This report provides insight into the key scenarios for how the global and UK energy system could evolve in the coming decades. These scenarios allow for an informed debate as to the economy-wide changes that will need to take place if the UK’s net zero commitment and the global goals of the Paris Agreement are to be achieved. This insight will help inform OGUK members of what this means in the context of the domestic oil and gas industry and its role in the future.
- Globally, oil and gas are expected to provide at least half of total cumulative energy demand over the next 30 years through to 2050 against a range of scenarios, albeit these may not all comply with the aims of the Paris Agreement.
- In all UK Climate Change Committee (CCC) scenarios (all of which are net-zero compatible) oil and gas accounts for between 47% and 54% of total cumulative energy demand between 2020-2050.
- In 2020 domestic offshore oil and gas production accounted for more than 70% of UK oil and gas demand, and has the potential to continue to meet at least half of demand through to 2050.
- Oil and gas will be important in the energy transition in the UK and around the globe and will also continue to be needed not only for manufacturing feedstock as well as energy use.
The Global Context
In 2020 global energy demand fell 4% compared with 2019 due to the pandemic disrupting global energy markets and reducing travel and industrial activity. In the latter parts of 2020 and into 2021 demand has been recovering, and compared with long term forecasts global energy demand is on track to increase by 4.6% in 2021 (0.5% above 2019 demand levels).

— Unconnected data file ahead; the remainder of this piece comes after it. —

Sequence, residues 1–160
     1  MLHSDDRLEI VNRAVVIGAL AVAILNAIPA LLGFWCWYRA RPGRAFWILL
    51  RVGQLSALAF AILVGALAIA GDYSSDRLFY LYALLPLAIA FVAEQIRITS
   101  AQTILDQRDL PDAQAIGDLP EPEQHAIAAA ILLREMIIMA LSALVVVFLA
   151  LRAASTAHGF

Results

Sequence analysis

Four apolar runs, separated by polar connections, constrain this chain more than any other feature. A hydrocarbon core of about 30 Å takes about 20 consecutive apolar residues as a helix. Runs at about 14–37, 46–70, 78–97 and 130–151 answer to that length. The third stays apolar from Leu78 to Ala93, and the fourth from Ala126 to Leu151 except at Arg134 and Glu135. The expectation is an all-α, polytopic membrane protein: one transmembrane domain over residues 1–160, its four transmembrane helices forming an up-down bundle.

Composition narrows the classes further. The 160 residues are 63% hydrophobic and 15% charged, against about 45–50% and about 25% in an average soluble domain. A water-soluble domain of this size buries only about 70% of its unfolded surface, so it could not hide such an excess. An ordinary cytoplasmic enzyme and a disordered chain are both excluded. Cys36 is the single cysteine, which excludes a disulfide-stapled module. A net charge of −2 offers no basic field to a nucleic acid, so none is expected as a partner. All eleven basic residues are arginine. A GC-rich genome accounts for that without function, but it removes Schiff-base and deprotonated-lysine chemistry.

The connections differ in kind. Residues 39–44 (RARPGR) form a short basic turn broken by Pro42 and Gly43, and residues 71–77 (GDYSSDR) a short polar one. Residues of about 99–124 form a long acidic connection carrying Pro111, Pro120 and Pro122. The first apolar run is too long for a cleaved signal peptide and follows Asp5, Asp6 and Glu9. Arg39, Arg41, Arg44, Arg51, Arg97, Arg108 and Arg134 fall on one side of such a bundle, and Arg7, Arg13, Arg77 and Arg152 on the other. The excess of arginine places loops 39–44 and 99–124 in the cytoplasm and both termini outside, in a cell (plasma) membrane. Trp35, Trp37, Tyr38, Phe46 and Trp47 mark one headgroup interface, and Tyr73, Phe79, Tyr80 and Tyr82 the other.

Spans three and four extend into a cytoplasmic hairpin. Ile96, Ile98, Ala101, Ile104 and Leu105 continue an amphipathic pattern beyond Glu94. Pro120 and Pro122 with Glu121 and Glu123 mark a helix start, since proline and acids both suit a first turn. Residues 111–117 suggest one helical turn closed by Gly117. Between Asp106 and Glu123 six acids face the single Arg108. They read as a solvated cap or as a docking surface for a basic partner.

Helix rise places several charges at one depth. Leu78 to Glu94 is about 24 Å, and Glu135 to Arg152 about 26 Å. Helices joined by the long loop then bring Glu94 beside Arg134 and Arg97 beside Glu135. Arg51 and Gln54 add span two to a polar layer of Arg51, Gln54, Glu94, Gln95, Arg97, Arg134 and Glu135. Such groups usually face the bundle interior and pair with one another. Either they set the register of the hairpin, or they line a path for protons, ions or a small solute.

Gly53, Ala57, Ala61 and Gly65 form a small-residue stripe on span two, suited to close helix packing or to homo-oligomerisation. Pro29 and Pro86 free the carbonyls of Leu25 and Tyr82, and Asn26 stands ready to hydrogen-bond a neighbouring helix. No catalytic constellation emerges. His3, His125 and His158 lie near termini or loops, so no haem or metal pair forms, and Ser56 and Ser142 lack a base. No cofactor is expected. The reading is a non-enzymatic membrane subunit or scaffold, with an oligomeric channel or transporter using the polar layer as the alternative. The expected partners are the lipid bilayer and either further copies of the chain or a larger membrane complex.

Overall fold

Over the next ten to 15 years, DNV GL forecasts that global energy demand will continue to increase, reaching a peak in 2034 . DNV GL anticipates a peak in natural gas demand in 2037, highlighting that our industry will still play an important role in the years to come. However, its forecast also suggests oil demand is likely to have already peaked. Despite having reached its peak, oil continues to be an important part of the mix, supplying 29% of cumulative demand through to 2050 in this scenario, and gas providing 21%. It is important to note that DNV GL’s forecast is not compatible with the Paris Agreement’s target of keeping global warming below 2°C by 2050, as it does not see behavioural, societal and cost profiles of greener technology changing at a quick enough rate to meet the Agreement.
In the International Energy Agency’s (IEA) 2020 World Energy Outlook  there are two key scenarios of how energy demand may evolve. The Stated Policies Scenario (SPS) reflects existing and announced policy intentions (which are not compliant with the aims of the Paris Agreement), whereas the Sustainable Development Scenario (SDS) outlines how the energy system can be transformed to help meet the UN Sustainability Goals and achieve the Paris Agreement aims.
In the SPS, global energy demand returns to pre-pandemic levels by the end of 2021. Total primary energy demand could go on to increase by 19% by 2040 (from 2019 levels), however in the SDS demand falls by 10% during the same period. In the latter scenario there is a larger shift into clean energy policies and investment to support the energy system in achieving sustainable energy objectives, including the Paris Agreement. In the SPS, oil accounts for 28% of primary energy demand and natural gas 25% in 2040; in SDS both meet 23% each of primary demand by the same date.